much like thousands of Filipino pioneers in Guam and the Marianas, Mabini and his compatriots endured hardships in a foreign land in the middle of the vast pacific, far away from their loved ones.

Unsinkable Guam: U.S. forward defense

It was an eye-opener for me to see at that time Guam’s visible progress evidenced by new hotels and shopping centers. Amidst the anxieties of global recession, particularly the failure on the mainland of well-known American corporate giants, the people of Guam – even if they had not been spared the impacts of The US meltdown – continued to be cautiously optimistic.

Of its then 170,000 population, 45% were of Filipino ancestry who constituted a swing-vote in territorial politics. Two significant factors were cited for their hopeful outlook:

(1) Ongoing build-up of Guam as the new forward platform for US military power in the Pacific, Indian Ocean, Arabian Gulf, and beyond – as far as Africa.

(2) Anticipation of change and hope for a better future represented by the consolidation of US military forces in the Pacific.

Very quietly, with little fanfare, the US was building up Guam as the key to its “forward defense” strategy to project American military power in the Western Pacific and Indian Ocean. Considered an “unsinkable aircraft carrier,” as the Subic Naval Base used to be known, Guam hosts the Apra Naval Base and Andersen Air Force Base – now major components of the US Pacific Command (PACOM).

Compared to the traditional homeports of the US in California or Hawaii, basing military forces on Guam results in much shortened transit times to Asia and beyond. The distance from Guam to Manila is 1,700 miles – which is two days sailing for a carrier battle group. But from San Diego, Manila is nine days away, while from Honolulu it takes seven days sailing. According to analysts, the 1,300 miles between North Korea and Guam is well within the range of its latest nuke-armed ICBM.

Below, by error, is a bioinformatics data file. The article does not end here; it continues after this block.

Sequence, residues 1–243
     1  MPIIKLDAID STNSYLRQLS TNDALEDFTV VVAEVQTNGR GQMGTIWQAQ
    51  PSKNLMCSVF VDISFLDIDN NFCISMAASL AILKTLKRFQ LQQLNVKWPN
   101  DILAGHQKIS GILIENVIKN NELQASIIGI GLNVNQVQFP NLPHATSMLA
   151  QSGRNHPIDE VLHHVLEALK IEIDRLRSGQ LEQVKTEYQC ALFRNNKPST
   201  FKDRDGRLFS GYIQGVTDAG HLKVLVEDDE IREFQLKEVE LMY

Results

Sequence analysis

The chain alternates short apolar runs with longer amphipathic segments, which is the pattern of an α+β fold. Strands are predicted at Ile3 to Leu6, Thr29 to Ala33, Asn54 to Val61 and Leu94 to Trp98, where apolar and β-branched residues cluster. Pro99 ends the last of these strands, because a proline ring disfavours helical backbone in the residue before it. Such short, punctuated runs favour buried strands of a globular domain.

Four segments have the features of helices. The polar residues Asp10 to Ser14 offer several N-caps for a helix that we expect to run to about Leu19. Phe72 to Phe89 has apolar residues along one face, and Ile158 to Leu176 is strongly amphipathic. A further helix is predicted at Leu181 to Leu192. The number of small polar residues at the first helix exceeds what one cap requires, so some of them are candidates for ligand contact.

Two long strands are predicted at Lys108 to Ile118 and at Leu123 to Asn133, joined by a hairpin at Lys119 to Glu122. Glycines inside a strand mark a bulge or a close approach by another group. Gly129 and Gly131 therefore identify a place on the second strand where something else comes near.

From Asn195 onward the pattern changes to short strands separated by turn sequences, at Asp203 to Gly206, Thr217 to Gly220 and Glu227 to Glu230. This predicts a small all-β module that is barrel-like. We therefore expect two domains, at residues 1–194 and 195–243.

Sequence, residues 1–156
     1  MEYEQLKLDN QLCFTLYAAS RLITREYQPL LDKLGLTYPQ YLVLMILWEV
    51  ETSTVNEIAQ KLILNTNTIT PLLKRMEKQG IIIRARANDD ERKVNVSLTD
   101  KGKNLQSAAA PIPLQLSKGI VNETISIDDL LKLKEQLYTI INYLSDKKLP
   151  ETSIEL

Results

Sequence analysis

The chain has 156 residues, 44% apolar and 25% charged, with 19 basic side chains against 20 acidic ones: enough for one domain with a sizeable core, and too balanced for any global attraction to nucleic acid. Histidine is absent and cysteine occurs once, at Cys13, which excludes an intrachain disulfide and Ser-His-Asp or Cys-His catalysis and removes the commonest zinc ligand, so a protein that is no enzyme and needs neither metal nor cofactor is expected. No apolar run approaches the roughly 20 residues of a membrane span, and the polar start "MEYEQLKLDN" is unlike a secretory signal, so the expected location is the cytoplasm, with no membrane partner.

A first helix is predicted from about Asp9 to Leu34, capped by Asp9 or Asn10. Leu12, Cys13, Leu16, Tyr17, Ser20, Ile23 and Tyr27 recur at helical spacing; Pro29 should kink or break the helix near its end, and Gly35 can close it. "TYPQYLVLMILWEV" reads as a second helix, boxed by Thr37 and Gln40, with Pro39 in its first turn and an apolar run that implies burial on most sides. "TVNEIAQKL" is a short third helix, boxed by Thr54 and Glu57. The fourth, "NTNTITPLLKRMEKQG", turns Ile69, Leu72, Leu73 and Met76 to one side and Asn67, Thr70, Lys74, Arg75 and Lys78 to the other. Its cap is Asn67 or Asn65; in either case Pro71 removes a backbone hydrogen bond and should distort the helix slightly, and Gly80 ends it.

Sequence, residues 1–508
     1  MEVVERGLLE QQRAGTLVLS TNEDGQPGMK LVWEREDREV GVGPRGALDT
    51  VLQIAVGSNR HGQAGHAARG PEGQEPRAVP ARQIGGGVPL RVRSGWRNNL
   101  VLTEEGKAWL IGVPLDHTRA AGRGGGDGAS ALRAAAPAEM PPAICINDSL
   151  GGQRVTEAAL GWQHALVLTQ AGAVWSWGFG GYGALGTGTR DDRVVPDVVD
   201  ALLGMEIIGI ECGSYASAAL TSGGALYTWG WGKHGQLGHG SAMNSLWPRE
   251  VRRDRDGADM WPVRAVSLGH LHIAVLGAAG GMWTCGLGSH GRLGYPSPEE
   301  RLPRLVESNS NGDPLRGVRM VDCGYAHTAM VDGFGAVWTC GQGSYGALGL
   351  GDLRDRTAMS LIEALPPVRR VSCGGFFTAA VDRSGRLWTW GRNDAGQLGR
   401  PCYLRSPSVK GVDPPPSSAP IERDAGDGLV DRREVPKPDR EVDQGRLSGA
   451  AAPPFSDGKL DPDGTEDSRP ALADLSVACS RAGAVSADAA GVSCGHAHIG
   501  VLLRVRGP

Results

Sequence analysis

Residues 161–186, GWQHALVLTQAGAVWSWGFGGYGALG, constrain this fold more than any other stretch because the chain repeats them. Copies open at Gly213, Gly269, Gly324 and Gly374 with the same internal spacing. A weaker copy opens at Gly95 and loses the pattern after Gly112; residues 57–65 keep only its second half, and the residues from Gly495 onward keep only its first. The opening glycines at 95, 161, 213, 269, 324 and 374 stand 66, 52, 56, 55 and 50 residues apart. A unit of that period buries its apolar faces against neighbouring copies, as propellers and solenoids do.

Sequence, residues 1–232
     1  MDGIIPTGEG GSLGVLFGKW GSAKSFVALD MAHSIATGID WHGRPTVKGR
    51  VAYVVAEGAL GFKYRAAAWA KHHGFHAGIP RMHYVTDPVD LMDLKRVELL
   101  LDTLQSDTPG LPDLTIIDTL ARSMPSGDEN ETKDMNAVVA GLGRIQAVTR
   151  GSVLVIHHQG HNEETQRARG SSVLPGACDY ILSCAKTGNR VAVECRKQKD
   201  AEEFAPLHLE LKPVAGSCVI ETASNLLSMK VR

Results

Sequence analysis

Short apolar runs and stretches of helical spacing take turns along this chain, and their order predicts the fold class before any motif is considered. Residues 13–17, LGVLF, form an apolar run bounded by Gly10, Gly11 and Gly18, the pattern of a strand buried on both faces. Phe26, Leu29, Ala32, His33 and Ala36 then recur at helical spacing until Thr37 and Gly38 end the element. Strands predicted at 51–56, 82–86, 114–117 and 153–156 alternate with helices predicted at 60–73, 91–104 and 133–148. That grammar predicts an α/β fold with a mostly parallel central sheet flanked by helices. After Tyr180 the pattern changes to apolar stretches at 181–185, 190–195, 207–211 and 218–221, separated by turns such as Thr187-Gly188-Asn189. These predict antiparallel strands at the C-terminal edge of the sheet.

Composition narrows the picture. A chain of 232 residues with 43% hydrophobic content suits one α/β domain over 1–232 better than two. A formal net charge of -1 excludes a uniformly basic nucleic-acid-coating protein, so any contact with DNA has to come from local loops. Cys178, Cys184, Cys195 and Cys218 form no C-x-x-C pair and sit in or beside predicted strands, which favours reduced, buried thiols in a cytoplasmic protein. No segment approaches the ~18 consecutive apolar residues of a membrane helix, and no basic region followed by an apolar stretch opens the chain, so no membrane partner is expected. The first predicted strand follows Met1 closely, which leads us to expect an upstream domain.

At that time, naval visionary Alfred Thayer Mahan and his disciples (who included Theodore Roosevelt, then Assistant Navy Secretary and future US President) regarded the projection of American power into the Western Pacific and East Asia as crucial to US “forward defense” – and a powerful expression of America’s “Manifest Destiny” as a global power.

Guam’s importance as a strategic outpost has been clear to American political leaders and military strategists since the 1890’s.

America’s manifest destiny

Mahan started from the assumption that America’s Atlantic Coast was well-protected by friendly Europeans (the British and French), and that east asia and the inner group of islands enclosing the China Sea – Japan, Taiwan, the Philippines, Borneo and Sumatra – were occupied by peoples alien to the Americans ethnically, culturally, and politically.

And so, it was most likely that an invasion of the American mainland would emanate from the Pacific.